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Cager Follows Coach and Sun, Discovers Success at Cal Poly

January 09, 1986|MITCH POLIN | Times Staff Writer

Shortly after the 1983-84 basketball season--one of the best years ever (25-5) at the University of Minnesota-Duluth--George Fisher told his players he was leaving to become coach of Cal Poly Pomona.

Most were visibly shaken, a few more than others.

Little did Fisher suspect that one would follow him to Southern California.

"When I made the announcement, a couple of the kids asked me what was the chance of transferring (to Pomona)," Fisher recalled. "I was kind of hesitant about that at first and I tried to talk them out of it because I just didn't think it was fair to the program (at Minnesota-Duluth)."

But freshman guard Darron Suttle refused the advice.

Cold Weather, Bleak Future

Suttle, yearning to escape the bitter cold of the Midwest, said his decision to transfer was difficult, but one he had to make.

Besides the prospect of sunshine and blue skies, Suttle was expecting more playing time.

At Minnesota, the 5-10 Suttle could only look forward to sitting on the bench behind the team's outstanding sophomore guard for two years.

Suttle believes he made a wise decision. Fisher will not disagree.

After redshirting last year, Suttle has not taken long to make up for lost time this season.

The 19-year-old sophomore point guard is leading the Broncos in scoring with a 15.5 average and in assists with 4.8 a game. Suttle also is one of the team's top field-goal shooters at 55.6% and free-throw shooters at 75%.

Friendly Face Welcomed

"Believe me, it's one of the big reasons why we're off to our best start (9-4) since 1967," Fisher said. "We have nine new players and it sure helps to have a guy around who knows you as a coach."

Fisher warned his would-be transfer that it would not be an easy adjustment in California.

Suttle, an all-state player as a senior at Dominican High in Whitefish Bay, Wis. (near Milwaukee), admitted it was a difficult move, especially for his mother.

"My mom was pretty shocked with the decision," Suttle remembers. "She was a little worried about my being 2,000 miles from home. I was only seven hours away (by car) in Duluth."

Not that Suttle minds living away from home. "I'm kind of a loner. I don't mind doing things by myself. But I do miss my family at times."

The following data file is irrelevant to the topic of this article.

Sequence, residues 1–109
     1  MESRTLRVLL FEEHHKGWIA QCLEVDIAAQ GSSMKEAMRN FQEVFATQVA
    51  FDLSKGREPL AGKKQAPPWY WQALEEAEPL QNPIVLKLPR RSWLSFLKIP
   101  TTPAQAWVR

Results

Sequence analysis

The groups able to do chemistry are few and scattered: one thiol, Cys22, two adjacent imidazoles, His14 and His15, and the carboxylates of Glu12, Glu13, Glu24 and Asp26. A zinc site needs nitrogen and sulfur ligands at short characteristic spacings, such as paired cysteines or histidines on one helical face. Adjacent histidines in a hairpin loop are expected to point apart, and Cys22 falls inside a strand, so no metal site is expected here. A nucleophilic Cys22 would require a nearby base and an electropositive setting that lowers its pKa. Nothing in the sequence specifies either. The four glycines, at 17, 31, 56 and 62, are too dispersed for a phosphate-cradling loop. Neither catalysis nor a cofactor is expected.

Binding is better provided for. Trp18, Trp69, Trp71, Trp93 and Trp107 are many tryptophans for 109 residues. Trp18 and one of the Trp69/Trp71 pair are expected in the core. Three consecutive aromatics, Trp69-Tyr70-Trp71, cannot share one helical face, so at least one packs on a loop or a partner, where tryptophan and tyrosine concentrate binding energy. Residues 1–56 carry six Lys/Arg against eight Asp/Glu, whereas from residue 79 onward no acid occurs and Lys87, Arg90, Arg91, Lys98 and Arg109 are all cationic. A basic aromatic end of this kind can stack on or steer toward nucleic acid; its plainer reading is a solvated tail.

Assurance for Mother

Fisher assured Suttle's mother that her son would be all right in California.

"I know his mother well, and one thing I promised her was that if he had any problems I would be there and so would our coaching staff," Fisher said. "I think she had that trust that we would do the right thing with him."

Suttle admits he may have had doubts about the wisdom of his move in his redshirt season when he sat on the sidelines and watched the Broncos struggle to a 7-22 record.

"For a while, I did have second thoughts. But I practiced with the team every day and got good feedback from the players. They told me if I were playing it would be different."

They were right. With Suttle in the lineup, the fortunes of the Broncos have changed considerably for the better.

The sudden turnabout has been a pleasant surprise for Suttle.

'A Lot of Heart'

"It's kind of a surprise, but we're a really competitive team," Suttle said. "We're very young but we're very enthusiastic. I think we have a lot of heart."

Suttle said the team's attitude and style of play are strikingly similar to what he experienced as a freshman at Minnesota-Duluth, when he averaged 5 points and 2 assists a game in sparse playing time.

About the only difference now is that he is playing a much bigger role in his team's success.

"It seems like the same type of players we had in Duluth," Suttle said. "They play the same style and they're very competitive. They just fit into (Fisher's) system very well."

Not only has Suttle been the playmaker, but he has also assumed more of a scoring role than at Duluth.

That has not surprised Fisher, who remembers how Suttle played as a senior in high school.

36 Points in Tournament

"He was a good scorer," Fisher said. "He scored 36 points in the semifinals of the state tournament and had to make an adjustment when he came to Duluth. So I knew he could handle being a scorer and a playmaker here."

Fisher said that Suttle's ability as a playmaker is particularly noticeable when the Broncos run the fast break.

"The team has a lot of confidence in his ability to be creative in a transition," Fisher said. "They know he can score and they know he can dish it off. I think another thing that sets him apart is his ability to pull up and hit the 20-footer. Not everybody can do that."

More important is that Suttle is the only Bronco who can say he has firsthand knowledge of the coaching philosophy of Fisher, whose teams at Duluth earned four straight postseason tournament berths.

"I think he really understands what I'm trying to accomplish here," Fisher said.

Fisher said that hard work is a key to Suttle's success.

He's a 'Gym Rat'

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